Tips to Protect You From Mosqitoes
Disclaimer: The following are general guidelines to follow and do not constitute medical advice.
Spring brings with it flowers, pollen, birds and bees! But it also brings pests that are returning from their winter break. For many of us, mosquitoes are a real problem that keeps us from enjoying the outdoors. But more importantly, mosquitoes can carry diseases such as West Nile Virus and Eastern Equine Encephalitis Virus. They can also cause heartworm in dogs. These diseases are very serious but fortunately, rarely directly related to mosquitoes.
In general, the problem with mosquito bites is due to an allergic reaction to the mosquito’s saliva and the problems associated with swelling and scratching of the mosquito bite. When a mosquito bites you they inject saliva which helps keep the blood from clotting. The saliva causes an inflammatory reaction which causes the itching and swelling associated with the bite. Most people just get a big irritating lump on the skin which if they scratch becomes more swollen and lasts longer. But some people actually have an allergic reaction to the mosquito saliva and can become very ill.
For the itching and swelling, anti-histamines are recommended. Diphenhydramine (commonly known as Benadryl – TM) can be used orally or applied in creams or lotions combined with calamine. Anti-inflammatory steroid creams may help too – creams like 1% hydrocortisone.
Interesting Fact: Only female mosquitoes bite and suck blood to obtain protein for their eggs; male mosquitoes suck nectar.
Even if you don’t get sick from the mosquito, many people scratch their bites until they bleed. When the skin is open it is susceptible to secondary infection. Children and adults can get a skin infection called impetigo which is a superficial skin infection caused by bacteria called staph and strep. Impetigo causes open sores and crusting (honey colored) and swelling in the areas. Impetigo is usually worse in the summer when children are out playing in the dirt, getting bitten by mosquitoes, and then getting those sores infected. Excellent hygiene (SOAP and WATER) can prevent most impetigo and cure mild cases. Over the counter antibiotic ointments (like Bacitracin) can help too as well as prescription ointments like mupurocin. There may be enlarged glands in the area, fever, and a spreading rash. Usually more severe impetigo needs an oral antibiotic so contact your doctor if you think you have impetigo and need medicine for it.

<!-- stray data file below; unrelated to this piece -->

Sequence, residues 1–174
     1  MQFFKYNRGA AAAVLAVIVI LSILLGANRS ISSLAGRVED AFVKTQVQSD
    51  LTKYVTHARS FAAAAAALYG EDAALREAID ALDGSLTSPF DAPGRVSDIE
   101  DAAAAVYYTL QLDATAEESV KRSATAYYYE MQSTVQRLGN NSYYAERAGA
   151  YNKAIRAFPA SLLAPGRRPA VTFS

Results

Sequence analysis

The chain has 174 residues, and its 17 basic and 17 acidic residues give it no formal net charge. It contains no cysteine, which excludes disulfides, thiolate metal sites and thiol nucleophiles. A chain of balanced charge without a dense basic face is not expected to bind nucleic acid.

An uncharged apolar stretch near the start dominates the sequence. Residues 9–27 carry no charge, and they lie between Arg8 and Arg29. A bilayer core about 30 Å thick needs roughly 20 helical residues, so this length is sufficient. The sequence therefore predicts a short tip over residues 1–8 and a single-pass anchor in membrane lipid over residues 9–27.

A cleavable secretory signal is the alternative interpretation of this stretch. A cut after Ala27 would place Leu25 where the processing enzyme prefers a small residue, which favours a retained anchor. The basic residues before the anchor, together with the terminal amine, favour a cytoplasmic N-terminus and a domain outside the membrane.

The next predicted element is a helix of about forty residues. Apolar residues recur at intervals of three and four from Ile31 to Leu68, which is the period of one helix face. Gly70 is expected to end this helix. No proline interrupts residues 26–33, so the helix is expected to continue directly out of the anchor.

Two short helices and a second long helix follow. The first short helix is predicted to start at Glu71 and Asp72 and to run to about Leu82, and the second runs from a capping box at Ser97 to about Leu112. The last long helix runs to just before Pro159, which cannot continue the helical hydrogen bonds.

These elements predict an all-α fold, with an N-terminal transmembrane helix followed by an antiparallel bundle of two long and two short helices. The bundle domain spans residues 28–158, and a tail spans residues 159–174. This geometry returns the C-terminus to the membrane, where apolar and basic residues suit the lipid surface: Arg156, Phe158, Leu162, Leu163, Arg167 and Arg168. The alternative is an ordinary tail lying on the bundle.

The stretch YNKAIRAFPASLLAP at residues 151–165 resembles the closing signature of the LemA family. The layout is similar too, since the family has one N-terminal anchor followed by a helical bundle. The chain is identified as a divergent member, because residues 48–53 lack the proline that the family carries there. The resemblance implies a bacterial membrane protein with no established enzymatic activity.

Man’s best friend can be affected with heartworms which are also transmitted by mosquitoes. So protect your entire family against these pests.
The best prevention is to eliminate mosquitoes from your environment. Since this is virtually impossible to do completely, several strategies should be employed:
- Be sure to get rid of any standing water around your home to avoid breeding areas for the mosquitoes. Old tires are notorious for having water inside of them so be sure to get rid of any tires in or around the yard.
- Call “Hole-in-One Pest Solutions”. Their Mosquito Reduction Program is a 7 month program which sprays the shrubs, bushes and plants where mosquitoes and ticks like to hide. This will greatly reduce the mosquito and tick population in your yard and will act as a barrier and repellent for any stray mosquitoes that fly into the area.
- By wearing long pants, long sleeve shirts, hats and socks you can protect yourself from mosquitoes and their bites.
- Also, use of insect repellents is a good idea. There are many products on the market; but the most popular is DEET. DEET contains repellents and comes in many different forms and concentrations.
- Screened in porches, mosquito netting and other barriers are helpful too.